Archive | December, 2013
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Merry Christmas

23 Dec

Merry Christmas

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Not so much satire as real life

20 Dec
Sir Robin Wales is always right

See, I am always right. It says so right there.

Legal blogger David Allen Green has decided that government and parliament waste far too much time passing legislation, which is then subject to the tiresome jurisdiction of the courts. Whitehall and Westminster, he asserts, would be better employed doing other things.

So he proposes a modest Act of Parliament, the Something Must Be Done Act 2014. Once it is passed, no other legislation will ever be necessary and the meddlesome courts will be neutered forever.

This would be a piece of satirical genius were it not for the fact that Mr Allen Green has simply lifted and modified Newham’s The Mayor Is Always Right by-law, passed by councillors immediately after the first mayoral election in 2002.

Even if Newham residents are unfamiliar with the exact text of the by-law they will immediately recognise it from its impact on daily life in the borough:

Section 1:
The Mayor of Newham shall have the power to do anything, and nothing the Mayor does will be ultra vires.

Section 2:
The power given by Section 1 of this by-law shall include the banning of things by the Mayor.

Section 3:
The things to be banned referred to in Section 2 of this Act shall be the things which the Mayor of Newham says are bad for us.

Section 4:
What is bad for us for the purposes of Section 3 shall be determined by the Mayor of Newham with regard either to (a) headlines in the Newham Recorder this week and/or (b) the headlines the Mayor of Newham would like to see in the Newham Recorder next week.

Section 5:
Any person
(a)  voicing opposition to a determination made under Section 4 of this Act; or
(b)  acting in breach of a ban made under Section 1 of this Act,
shall be deemed to not care about the children and/or be soft on crime and anti-social behaviour.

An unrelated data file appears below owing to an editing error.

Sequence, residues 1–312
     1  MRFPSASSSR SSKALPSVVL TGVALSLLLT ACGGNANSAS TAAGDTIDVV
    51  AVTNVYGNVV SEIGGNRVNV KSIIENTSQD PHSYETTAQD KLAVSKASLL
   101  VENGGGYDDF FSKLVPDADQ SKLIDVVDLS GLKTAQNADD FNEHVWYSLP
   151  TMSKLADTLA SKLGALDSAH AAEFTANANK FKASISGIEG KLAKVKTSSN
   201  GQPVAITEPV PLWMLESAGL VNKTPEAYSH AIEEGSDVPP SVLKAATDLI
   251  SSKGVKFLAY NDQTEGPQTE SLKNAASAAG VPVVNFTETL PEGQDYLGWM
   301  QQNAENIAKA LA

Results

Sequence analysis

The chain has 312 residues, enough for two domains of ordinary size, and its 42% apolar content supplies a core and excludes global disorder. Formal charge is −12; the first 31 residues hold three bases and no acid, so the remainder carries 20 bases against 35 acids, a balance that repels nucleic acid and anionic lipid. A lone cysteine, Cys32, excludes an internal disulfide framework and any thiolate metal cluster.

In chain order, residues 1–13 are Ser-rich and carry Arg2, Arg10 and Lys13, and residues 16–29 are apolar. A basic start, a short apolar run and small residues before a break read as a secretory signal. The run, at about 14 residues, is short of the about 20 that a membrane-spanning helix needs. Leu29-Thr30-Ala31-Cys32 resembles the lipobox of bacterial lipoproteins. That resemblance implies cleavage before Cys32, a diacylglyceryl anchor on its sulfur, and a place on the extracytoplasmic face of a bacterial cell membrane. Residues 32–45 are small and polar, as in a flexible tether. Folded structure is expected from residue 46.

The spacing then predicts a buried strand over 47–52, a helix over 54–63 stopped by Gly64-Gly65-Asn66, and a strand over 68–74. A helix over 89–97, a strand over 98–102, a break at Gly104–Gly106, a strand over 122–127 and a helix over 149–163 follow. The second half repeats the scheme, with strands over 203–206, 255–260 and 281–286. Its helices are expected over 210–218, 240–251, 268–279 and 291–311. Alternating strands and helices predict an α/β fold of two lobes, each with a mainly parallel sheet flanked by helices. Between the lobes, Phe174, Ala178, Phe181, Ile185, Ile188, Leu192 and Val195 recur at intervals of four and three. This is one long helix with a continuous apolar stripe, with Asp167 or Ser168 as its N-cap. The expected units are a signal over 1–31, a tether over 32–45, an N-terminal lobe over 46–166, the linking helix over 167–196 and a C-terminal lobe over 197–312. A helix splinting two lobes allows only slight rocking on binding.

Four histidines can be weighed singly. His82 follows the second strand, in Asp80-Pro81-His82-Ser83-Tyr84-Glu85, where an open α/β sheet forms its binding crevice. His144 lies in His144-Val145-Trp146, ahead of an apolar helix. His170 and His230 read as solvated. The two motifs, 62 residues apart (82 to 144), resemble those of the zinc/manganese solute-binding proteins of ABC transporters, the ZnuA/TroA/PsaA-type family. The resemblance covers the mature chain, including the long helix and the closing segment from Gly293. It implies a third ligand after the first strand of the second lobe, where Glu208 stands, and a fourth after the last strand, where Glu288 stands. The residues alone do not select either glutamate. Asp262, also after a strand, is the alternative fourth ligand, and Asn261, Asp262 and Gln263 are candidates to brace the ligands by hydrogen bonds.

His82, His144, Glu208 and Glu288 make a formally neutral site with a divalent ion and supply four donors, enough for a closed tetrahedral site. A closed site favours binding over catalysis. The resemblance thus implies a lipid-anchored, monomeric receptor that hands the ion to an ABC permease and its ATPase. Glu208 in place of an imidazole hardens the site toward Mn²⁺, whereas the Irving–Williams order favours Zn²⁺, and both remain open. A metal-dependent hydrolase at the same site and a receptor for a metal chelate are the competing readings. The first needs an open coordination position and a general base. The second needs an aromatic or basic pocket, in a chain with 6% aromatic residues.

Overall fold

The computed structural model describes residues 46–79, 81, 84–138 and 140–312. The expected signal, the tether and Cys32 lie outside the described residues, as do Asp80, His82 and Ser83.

Section 6:
In the event something must be done, the Mayor may at his sole discretion choose a thing to do, and the thing chosen shall be deemed as the something that must be done.

Section 7:
The thing chosen under Section 6 shall not have any rational or proportionate relationship to any intended objective.

Section 8:
There shall be crackdowns, announced from time to time by press release. Any crackdown under this Section 8 shall not endure more than one day after the press release in which it is announced.

Section 9:
There shall always be new penalties. And these penalties shall always be deemed tougher than the previous penalties and so shall be called ‘tough new penalties’ until superseded by the next ‘tough new penalties’ when they become ‘the old ineffective penalties’. However, any ‘tough new penalties’ under this Section 9 shall have no greater effect than ‘the old ineffective penalties’, even if announced as part of a crackdown under Section 8.

Section 10:
Within the boundaries of the London Borough of Newham this by-law extends beyond the rule of law.

Reading this in parallel with Mr Allen Green’s version, it is striking how little he has had to amend the original text to make it fit his comedic purpose. But what he thinks of as satire is actually real life here in Newham.

For richer, for poorer (but mostly poorer)

6 Dec

George Osborne claims that the UK economy is recovering and experiencing strong growth, thanks to the austerity policies pursued by the Coalition government since 2010.

But ordinary people can’t see any recovery at all. For them, all they see are stagnant wages and rising prices. There is a cost of living crisis.

Look at Newham. The table below shows the average (median) income for full-time workers living in the borough between the start of the financial crisis in 2008 and 2012.

2008 2009 2010 2011 2012
Avg Income £25,521 £26,154 £26,998 £26,489 £26,666
Annual % Change 2.48% 3.23% -1.89% 0.67%
Overall 4.49%

In 2011 average income actually fell for Newham workers. And the overall increase across the 5 years has failed to keep up with prices. So people – even “hardworking people” in full-time jobs – are getting poorer.

The table below shows the annual change in the Consumer Prices Index (CPI), which is the government’s preferred measure of inflation. It also shows what would have happened to average incomes in Newham if they had keep pace:

Annual CPI 3.60% 2.20% 3.30% 4.50% 2.70%
Avg Income £25,521 £26,440 £27,021 £27,913 £29,169
Difference -£286 -£23 -£1,424 -£2,503
Cumulative -£4,237

Over five years Newham people have lost out on over £4,200 of income. For a city banker or a hedge fund manager that’s just a rounding error on their bonus. But for ordinary people it’s the difference between keeping the heating on during a cold snap or not; the difference between the whole family eating dinner, or just the kids.

This is recovery for the rich – the rest of us are still stuck in the recession. And George Osborne doesn’t care.